Snowstorm leaves at least 14 dead in Tennessee as frigid temperatures, ice slams Northeast


At least 14 Tennesseans have died as a result of a bitterly cold winter storm that dumped snow across the southern state this week, officials said.

Parts of Nashville have seen more than 9 inches of snow since Sunday — nearly double the city’s annual average snowfall. 

Even when the flakes stopped falling, temperatures plummeted to below zero in parts of the state, creating the largest power demand the Tennessee Valley Authority, which serves seven states in the region, has ever experienced.

Authorities have warned that a new thin layer of ice could cover the already treacherous roads on Thursday night, when temperatures again drop to single digits.

Tennessee has seen the most deaths of any state across the US, where more than two dozen have fallen victim to the winter weather this week.

The deaths include a box truck driver who was killed after he slid into a tractor-trailer on an interstate; a man who fell through a skylight while shoveling the roof of his business; and a woman died of hypothermia after she was found unresponsive in her home, officials said.

There have been at least three fatal car crashes caused by the storm, according to the Tennessee Highway Patrol. There were an additional 200 wrecks that caused injuries and 600 where no one was hurt, the agency said.

At least 14 deaths in Tennessee have been linked to a storm system that blanketed the state in snow. AP
People help a stranded driver during the storm in Nashville. AP
Workers in Portland attempt to restore power to the area after the storm. AP

Shelby County, home to Memphis, reported the most deaths as of midweek with five. However, details remain limited about the state’s 14 deaths out of privacy concerns for the victims’ families. 

Cory Mueller, a National Weather Service meteorologist in Nashville said that another cold spell is expected this weekend — making Monday the first chance for significant thaw.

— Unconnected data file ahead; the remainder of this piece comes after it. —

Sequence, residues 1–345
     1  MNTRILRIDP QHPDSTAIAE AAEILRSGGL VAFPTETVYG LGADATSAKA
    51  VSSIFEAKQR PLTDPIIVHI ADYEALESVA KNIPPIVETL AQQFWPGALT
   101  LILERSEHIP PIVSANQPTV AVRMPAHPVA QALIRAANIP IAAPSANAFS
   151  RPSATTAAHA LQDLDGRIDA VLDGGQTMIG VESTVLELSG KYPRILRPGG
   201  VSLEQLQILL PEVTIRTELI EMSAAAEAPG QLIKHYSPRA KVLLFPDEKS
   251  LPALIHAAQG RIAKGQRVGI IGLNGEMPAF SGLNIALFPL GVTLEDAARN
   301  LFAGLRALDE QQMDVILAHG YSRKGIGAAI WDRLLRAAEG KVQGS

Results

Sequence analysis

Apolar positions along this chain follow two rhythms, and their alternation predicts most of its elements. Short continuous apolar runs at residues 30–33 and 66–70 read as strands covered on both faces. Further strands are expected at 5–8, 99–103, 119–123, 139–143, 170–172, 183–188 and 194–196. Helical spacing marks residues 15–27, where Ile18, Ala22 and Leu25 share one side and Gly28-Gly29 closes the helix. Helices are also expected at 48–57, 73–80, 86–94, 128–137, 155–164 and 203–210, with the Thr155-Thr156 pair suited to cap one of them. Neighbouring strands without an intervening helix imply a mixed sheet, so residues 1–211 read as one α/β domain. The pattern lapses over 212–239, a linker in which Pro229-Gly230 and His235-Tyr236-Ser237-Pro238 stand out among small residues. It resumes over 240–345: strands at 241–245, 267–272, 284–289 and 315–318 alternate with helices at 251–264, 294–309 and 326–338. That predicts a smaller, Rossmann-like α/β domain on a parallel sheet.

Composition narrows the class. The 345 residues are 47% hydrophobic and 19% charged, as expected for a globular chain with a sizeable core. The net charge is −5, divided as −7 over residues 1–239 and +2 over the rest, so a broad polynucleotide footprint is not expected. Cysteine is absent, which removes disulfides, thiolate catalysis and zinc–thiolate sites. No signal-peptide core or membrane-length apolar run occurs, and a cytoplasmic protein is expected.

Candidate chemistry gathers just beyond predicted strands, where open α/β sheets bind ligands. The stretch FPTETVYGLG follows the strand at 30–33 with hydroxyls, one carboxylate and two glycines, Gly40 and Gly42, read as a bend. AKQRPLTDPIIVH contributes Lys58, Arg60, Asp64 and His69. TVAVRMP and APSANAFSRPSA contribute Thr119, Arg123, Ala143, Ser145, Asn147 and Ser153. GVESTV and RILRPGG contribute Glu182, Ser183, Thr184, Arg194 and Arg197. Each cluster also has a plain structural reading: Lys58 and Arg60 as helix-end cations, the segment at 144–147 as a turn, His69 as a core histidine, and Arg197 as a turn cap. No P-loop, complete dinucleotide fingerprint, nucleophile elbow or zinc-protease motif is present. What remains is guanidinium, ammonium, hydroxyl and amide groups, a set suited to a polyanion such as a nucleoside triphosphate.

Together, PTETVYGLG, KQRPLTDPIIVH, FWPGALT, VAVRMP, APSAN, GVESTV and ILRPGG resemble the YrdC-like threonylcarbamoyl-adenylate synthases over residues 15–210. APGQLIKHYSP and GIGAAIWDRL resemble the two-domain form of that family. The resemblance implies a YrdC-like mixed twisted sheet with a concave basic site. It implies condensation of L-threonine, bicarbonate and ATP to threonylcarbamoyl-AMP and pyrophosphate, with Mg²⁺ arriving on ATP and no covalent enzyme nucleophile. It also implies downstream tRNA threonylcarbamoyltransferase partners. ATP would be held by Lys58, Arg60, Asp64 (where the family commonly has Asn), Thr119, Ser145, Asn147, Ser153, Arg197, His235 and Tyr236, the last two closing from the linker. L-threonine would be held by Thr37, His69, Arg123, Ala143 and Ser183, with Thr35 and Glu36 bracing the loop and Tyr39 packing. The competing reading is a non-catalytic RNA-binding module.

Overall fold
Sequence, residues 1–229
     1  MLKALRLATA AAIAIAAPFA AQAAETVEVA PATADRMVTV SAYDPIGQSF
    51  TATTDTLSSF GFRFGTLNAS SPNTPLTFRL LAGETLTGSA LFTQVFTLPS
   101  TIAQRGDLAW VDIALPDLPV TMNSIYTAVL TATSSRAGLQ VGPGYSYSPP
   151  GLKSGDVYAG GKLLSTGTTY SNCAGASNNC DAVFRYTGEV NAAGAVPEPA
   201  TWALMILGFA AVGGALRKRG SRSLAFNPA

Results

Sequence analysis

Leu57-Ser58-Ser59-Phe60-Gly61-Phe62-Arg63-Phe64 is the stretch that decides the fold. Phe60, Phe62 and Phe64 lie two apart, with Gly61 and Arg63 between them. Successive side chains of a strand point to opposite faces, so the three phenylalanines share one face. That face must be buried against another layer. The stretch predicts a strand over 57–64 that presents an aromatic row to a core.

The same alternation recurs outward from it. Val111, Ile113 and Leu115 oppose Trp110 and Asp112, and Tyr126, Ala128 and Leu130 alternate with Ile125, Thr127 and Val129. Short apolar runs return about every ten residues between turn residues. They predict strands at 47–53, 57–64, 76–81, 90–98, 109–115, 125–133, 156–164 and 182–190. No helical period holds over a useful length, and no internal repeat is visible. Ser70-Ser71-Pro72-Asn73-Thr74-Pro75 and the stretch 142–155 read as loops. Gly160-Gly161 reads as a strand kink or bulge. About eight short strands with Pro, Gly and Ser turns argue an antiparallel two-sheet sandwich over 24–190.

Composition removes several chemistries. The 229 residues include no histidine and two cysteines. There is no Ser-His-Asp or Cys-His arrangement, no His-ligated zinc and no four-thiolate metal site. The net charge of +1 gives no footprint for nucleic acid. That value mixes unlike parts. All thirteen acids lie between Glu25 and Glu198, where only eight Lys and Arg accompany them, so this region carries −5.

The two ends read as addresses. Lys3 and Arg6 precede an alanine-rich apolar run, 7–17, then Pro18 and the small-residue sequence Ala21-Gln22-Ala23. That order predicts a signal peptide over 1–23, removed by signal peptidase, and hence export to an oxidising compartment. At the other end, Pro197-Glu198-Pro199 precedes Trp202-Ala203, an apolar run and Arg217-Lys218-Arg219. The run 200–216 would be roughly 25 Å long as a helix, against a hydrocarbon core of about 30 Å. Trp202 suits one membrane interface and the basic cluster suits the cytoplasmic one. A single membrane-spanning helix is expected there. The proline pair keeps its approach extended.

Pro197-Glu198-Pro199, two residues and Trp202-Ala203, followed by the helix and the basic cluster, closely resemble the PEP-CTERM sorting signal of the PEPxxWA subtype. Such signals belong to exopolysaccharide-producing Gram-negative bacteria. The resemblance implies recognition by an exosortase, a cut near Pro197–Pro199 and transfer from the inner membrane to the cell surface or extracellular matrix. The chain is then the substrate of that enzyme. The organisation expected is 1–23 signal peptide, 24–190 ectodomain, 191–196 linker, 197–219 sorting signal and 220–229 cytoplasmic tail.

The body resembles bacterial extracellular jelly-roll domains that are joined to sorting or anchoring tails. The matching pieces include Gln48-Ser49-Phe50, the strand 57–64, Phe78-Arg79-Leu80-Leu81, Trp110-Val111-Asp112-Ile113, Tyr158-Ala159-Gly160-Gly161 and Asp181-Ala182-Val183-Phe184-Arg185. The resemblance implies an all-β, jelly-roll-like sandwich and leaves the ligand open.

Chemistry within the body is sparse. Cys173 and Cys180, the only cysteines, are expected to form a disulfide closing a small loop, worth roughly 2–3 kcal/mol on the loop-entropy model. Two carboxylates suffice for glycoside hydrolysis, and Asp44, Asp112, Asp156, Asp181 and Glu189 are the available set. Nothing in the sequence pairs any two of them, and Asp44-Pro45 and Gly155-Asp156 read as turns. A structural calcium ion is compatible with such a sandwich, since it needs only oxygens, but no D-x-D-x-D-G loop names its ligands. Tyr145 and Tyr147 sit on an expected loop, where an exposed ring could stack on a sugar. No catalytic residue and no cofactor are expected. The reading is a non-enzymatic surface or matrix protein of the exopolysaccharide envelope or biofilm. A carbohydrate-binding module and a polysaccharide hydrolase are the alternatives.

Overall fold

“At least in Tennessee, it takes a little bit to get the roads cleared up,” Mueller said. “With the cold temperatures, that led to the snow staying on the roads much longer.”

Meanwhile, the snow-covered Pacific Northwest is also facing dangerous weather conditions again as freezing rain and gusts of up to 40 mph are expected to wallop parts of Oregon Thursday night.

A fishing boat ran aground after the storm in Portland. AP
The Tennessee State Capitol was covered in snow following the storm system. AP
Workers clear snow in Portland after the powerful storm. AP

Most Portland-area school districts canceled classes for a third straight day due to slick roads and water damage from burst frozen pipes.

On Wednesday, two adults and a teenager were tragically electrocuted to death in Portland after a tree and a power line fell on a truck as powerful winds ripped through the city.

In Western New York, three people have perished during the icy weather in the past three days — two died while clearing snow and a third was hit by a car while swiping snow from his car, state officials said. A travel ban was finally lifted in the area on Thursday.

Five New York women from the same family were struck and killed by a tractor-trailer on Interstate 81 in northeastern Pennsylvania after they left their vehicles following a separate crash on the slick roadway.

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